As ancient Latvians were engaged mainly in growing crops, they used the Solar Year as the basis for their time-reckoning system. Latvian Dainas (LDs) contain clear evidence that the four main seasonal festivals, recognized as the Annual Festivals (Gadskārtas svinības), correspond to the astronomical solstices and equinoxes:
Winter Solstice – Ziemassvētki (Winter Festival),
Vernal Equinox – Lieldienas (Big Day),
Summer Solstice – Jāņi,
Autumnal Equinox – Miķeļi, Apjumības (Harvesting festival).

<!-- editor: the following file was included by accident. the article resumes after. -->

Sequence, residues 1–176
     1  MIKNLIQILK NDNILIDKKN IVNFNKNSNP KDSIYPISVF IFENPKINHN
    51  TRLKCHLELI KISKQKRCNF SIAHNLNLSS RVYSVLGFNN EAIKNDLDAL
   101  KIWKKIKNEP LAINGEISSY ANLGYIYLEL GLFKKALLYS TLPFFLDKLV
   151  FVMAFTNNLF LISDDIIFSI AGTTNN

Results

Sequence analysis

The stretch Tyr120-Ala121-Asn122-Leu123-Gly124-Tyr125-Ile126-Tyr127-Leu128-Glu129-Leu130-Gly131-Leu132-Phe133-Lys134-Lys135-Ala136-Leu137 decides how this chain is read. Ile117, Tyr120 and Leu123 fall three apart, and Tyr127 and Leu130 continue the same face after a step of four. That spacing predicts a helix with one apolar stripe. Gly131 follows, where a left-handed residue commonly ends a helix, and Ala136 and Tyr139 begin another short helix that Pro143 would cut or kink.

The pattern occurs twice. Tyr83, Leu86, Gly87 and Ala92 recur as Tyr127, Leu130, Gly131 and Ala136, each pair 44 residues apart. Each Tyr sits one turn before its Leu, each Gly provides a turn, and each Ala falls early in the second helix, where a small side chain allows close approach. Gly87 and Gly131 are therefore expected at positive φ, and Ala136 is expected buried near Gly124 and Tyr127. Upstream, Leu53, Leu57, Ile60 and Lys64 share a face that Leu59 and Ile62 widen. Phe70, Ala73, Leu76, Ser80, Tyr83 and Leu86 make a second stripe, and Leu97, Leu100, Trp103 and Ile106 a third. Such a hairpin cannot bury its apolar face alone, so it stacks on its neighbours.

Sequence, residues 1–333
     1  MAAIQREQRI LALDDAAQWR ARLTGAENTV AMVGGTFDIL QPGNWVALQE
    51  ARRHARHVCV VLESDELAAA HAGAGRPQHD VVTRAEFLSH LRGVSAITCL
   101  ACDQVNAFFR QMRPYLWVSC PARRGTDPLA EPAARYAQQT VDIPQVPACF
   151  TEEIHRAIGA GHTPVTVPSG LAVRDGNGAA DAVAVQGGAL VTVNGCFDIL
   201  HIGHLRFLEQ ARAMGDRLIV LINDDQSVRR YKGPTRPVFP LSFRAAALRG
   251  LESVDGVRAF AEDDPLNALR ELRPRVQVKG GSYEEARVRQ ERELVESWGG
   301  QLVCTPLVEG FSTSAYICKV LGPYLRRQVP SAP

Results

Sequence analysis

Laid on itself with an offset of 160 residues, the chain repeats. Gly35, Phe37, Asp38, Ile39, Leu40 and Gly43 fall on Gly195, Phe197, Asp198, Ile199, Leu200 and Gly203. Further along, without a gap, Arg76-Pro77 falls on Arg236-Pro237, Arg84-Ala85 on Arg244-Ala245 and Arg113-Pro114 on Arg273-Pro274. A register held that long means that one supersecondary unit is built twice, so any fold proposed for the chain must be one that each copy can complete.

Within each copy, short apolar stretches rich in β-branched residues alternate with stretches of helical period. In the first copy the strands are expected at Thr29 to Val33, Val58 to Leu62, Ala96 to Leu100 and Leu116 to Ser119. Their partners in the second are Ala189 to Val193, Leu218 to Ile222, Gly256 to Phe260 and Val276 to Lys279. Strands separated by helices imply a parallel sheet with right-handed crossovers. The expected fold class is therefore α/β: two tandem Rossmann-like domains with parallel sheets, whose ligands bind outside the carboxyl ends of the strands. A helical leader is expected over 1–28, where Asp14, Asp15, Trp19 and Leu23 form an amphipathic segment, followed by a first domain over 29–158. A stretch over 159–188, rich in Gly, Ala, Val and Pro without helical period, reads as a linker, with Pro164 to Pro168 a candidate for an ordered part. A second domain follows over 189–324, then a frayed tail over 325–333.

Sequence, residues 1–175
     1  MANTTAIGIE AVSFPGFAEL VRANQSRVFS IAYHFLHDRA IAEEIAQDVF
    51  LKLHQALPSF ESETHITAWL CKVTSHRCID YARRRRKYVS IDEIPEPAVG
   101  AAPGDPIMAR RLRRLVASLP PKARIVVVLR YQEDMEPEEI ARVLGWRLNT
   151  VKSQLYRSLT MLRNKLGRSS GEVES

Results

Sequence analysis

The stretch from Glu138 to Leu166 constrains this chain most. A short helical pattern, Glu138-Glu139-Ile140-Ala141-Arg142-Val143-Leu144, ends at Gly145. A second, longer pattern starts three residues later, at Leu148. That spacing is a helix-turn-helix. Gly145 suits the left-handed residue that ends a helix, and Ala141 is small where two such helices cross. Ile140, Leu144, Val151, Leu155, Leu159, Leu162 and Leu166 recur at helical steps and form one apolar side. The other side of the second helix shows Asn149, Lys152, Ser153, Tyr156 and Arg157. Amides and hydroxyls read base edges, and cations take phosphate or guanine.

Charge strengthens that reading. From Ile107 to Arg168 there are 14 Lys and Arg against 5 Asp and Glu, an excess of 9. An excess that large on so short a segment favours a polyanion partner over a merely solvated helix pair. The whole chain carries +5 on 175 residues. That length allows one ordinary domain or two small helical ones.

The four ecliptic points provided recognizable clues that could be observed in nature, thus laying the foundation for the division of the year into smaller units – laiks (time), the proper names of which were formed by adding a seasonal characteristic to the term laiks (see figure), e.g. Ziemas laiks (Winter-time), Siena laiks (Hay-time), etc. and savaite – a nine-day long period. By dividing the year in this manner, the ancient Latvian time-reckoning system established a Perpetual Calendar where a particular day of the savaite and the date it represented remained constant and unchanged. In the reconstruction of the ancient Latvian Calendar, the Summer Solstice is most useful because it coincides with the Summer Festival personified by Jānis (pl. Jāņi) – Dievadēls (Son of God) that is celebrated for one day only when the night is the shortest in the year. The Latvian festivals, which formed an integral part of the ancient time-reckoning system, are still known by their original names (Grīns, Grīna 1992).